Natasha Marie Llorens, ICLS graduate student at the Department of Art History and Archaeology has curated the exhibit:

 Waiting for Omar Galto: Contemporary Art from Algeria and Its Diaspora. 

 

Opening Reception Will be on October 25 from 6:00 to 8:00 pm

Exhibition Will Be on View at the Wallach October 26, 2019 – March 15, 2020

 

Waiting for Omar Gatlato: A Survey of Contemporary Art from Algeria and Its Diaspora borrows its title from a 1979 publication on early Algerian film, edited by Wassyla Tamzali, which references Samuel Beckett’s play Waiting for Godot and Merzak Allouache’s 1976 cult classic film Omar Gatlato. The exhibition title combines two important conceptual clues for how contemporary Algerian visual artists and filmmakers approach and engage art as the decolonization process evolves. Both source works are portraits of anti-heroes trying to make sense of their day-to-day lives.

Waiting for Omar Gatlato advances diverse representations of everyday life in Algeria and its diaspora through film, paintings, photography and sculpture. There are works by 25 artists, including Louisa Babari and Célio Paillard, Fayçal Baghriche, Bardi, Mouna Bennamani, Adel Bentounsi, Zoulikha Bouabdellah, Halida Boughriet, Fatima Chafaa, EL Meya, Hakima El Djoudi, Karim Ghelloussi, Mounir Gouri, Mourad Krinah, Amina Menia, Sonia Merabet, Yazid Oulab, Lydia Ourahmane, Sadek Rahim, Dania Reymond, Sara Sadik, Fethi Sahraoui and La Chambre Claire, Massinissa Selmani, Fella Tamzali Tahari, Djamel Tatah and Sofiane Zouggar.

Challenging historical contradictions and representations is a consistent theme of the artworks in the exhibition. Fethi Sahraoui’s 2019 photography book Triangle of Views and its “Escaping the Heatwave” essay contain images of children ingeniuously finding ways to cool themselves off in abandoned water towers, irrigation channels and streams of agricultural runoff. Fatima Chafaa’s 2019 photographic installation My Father’s Painting: Fatma d’Arc or Jeanne N’soumer addresses how the representation of strong femininity has been circulated and transformed over centuries as a cultural practice. Dania Reymond highlights the Algiers botanical garden, Jardin d’Essai du Hamma, as a projection of the colonial imagination onto the existing landscape and as a space for fantasy in her 2016 film Jardin d’Essai.

Waiting for Omar Gatlato responds to the visual and imaginative obscurity that blankets Algeria,” said the curator Natasha Marie Llorens. “The reasons for Algeria’s lack of artistic representation at the international level are complex: 130 years of settler colonialism by the French engendered both a robust literary and artistic legacy in France’s own image. As a result of an unrelenting yet ambivalent struggle for self-determination at every level of the sociocultural sphere, no digestible, unified narrative has emerged for the West to understand Algeria.”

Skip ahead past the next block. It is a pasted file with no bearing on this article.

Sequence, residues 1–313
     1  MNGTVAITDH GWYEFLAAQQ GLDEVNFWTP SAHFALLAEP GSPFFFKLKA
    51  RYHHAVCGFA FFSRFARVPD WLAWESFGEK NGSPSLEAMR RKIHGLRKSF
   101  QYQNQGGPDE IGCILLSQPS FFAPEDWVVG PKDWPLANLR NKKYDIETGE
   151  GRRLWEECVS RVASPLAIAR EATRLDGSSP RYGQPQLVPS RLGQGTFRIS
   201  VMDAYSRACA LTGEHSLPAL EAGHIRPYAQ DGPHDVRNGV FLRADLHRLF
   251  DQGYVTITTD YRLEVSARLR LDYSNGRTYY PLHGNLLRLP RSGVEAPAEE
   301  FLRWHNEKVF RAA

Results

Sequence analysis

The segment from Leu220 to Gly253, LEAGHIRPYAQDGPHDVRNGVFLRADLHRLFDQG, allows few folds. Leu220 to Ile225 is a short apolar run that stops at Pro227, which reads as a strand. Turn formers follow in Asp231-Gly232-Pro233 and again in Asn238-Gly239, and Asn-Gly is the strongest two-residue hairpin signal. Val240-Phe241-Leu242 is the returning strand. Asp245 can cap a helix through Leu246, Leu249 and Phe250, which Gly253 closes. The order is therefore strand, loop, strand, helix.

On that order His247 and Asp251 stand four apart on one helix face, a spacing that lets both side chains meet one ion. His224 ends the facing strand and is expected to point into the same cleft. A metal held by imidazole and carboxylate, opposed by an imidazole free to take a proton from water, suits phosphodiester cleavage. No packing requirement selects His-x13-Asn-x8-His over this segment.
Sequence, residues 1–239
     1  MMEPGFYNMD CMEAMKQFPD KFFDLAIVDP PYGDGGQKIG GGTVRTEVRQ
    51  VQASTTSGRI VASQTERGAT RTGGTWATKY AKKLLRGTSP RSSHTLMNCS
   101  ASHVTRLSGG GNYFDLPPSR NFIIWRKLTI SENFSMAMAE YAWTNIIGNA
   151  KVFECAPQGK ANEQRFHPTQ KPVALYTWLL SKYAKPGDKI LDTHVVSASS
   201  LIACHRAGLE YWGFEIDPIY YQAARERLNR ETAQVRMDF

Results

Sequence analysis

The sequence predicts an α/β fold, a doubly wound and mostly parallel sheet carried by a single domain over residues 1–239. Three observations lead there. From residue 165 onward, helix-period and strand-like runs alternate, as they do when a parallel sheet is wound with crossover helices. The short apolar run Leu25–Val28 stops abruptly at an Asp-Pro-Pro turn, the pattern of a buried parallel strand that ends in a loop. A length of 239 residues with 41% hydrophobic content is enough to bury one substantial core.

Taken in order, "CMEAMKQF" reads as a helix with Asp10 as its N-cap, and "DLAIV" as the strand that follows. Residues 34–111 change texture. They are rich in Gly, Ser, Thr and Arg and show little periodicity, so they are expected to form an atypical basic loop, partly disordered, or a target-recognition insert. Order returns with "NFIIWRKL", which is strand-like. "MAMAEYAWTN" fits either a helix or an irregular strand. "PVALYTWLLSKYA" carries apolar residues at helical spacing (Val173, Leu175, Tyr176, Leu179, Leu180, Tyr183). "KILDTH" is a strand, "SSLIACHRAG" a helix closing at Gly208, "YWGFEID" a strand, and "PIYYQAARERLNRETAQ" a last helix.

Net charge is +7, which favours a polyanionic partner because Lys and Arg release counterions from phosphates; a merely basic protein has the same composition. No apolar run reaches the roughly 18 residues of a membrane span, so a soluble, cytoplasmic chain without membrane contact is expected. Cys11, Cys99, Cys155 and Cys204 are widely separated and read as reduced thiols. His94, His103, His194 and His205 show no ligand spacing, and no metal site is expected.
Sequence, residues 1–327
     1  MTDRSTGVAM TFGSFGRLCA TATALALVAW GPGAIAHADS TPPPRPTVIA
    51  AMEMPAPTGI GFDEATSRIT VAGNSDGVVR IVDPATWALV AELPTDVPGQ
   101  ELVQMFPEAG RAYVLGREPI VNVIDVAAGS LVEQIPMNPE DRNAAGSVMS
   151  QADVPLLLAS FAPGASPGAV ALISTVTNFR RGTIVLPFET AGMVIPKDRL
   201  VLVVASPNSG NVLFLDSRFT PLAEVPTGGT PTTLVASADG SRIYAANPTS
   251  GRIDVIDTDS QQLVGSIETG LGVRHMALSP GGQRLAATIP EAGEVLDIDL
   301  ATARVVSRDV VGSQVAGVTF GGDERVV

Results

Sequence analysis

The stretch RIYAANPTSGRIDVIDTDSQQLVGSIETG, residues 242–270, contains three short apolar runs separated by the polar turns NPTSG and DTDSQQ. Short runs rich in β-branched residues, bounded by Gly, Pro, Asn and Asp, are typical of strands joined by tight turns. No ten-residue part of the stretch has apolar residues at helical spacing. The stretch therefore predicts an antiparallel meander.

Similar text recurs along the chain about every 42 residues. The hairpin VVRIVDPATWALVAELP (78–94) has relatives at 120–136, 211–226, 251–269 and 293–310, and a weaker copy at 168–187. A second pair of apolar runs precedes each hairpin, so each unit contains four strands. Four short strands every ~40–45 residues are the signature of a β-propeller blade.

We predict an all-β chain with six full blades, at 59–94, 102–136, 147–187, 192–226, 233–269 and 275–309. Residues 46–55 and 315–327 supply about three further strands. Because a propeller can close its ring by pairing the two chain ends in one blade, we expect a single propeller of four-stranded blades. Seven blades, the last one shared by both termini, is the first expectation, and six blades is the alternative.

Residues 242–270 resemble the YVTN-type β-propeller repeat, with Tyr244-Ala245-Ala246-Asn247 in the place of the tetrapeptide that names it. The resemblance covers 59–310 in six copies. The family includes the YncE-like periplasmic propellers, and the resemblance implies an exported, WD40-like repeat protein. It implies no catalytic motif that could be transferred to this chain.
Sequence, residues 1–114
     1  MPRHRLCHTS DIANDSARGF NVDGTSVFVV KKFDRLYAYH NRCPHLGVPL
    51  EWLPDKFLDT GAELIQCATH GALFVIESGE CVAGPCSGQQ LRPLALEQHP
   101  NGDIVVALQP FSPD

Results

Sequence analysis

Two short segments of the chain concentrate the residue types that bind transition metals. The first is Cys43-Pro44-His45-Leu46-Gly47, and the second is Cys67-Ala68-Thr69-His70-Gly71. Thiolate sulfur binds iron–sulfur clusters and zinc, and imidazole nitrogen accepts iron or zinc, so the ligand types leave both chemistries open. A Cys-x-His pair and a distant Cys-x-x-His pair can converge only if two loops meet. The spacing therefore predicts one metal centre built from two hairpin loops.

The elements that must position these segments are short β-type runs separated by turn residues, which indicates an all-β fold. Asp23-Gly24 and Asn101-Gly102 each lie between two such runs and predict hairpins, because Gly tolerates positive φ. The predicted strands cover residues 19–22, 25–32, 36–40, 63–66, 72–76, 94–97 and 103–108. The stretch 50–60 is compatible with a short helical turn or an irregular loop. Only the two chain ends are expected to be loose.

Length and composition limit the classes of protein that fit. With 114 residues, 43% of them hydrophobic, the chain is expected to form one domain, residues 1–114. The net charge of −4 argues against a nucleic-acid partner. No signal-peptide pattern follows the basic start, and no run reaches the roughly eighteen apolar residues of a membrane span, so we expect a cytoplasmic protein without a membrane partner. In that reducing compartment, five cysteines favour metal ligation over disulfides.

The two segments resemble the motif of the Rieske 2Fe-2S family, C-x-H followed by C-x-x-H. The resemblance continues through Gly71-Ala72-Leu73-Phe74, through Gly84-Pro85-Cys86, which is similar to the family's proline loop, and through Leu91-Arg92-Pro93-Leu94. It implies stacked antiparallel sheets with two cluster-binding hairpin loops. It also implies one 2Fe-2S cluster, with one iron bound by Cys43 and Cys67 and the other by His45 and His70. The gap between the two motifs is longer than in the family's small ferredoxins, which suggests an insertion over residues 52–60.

Added Betti-Sue Hertz, the Wallach Gallery’s new director and chief curator, “I am excited about the presentation of Waiting for Omar at the Wallach, as we continue along the vein of igniting conversations around representation, within historical legacies and contemporary art. With this exhibition, Columbia provides an in-depth view of individual expressions across an evolving Algerian cultural landscape.” After it closes at the Wallach, Waiting for Omar Gatlato will be expanded to include works from the collection of the National Centre for Plastic Arts of France, as well as new commissions by several emerging artists. The exhibition will be presented at La Friche de la Belle de Mai in Marseille in June 2020, at the invitation of Triangle France / Astérides in conjunction with Manifesta 2020.

The 264-page Waiting for Omar Gatlato catalog, designed by Eider Corral and co-published by Sternberg Press, includes the first English translations of texts by key theorists of Algerian contemporary art on the evolving relationship between art and politics, as well as poetry by Samira Negrouche and a graphic essay by Nawel Louerrad. The catalog will be available for purchase at the Wallach Art Gallery and from its distributor, MIT Press.

Waiting for Omar Gatlato: A Survey of Contemporary Art from Algeria and Its Diaspora has been developed through the generous support of the Andy Warhol Foundation for the Visual Arts. Additional support has been provided by Etant Donnés Contemporary Art, a program developed by FACE Foundation and the Cultural Services of the French Embassy in the United States, with lead funding from the French Ministry of Culture and Institut Français-Paris, the Florence Gould Foundation, the Ford Foundation, the Helen Frankenthaler Foundation, Chanel USA, the ADAGP and the CPGA. Support for artists’ travel provided by the Embassy of the United States in Algiers.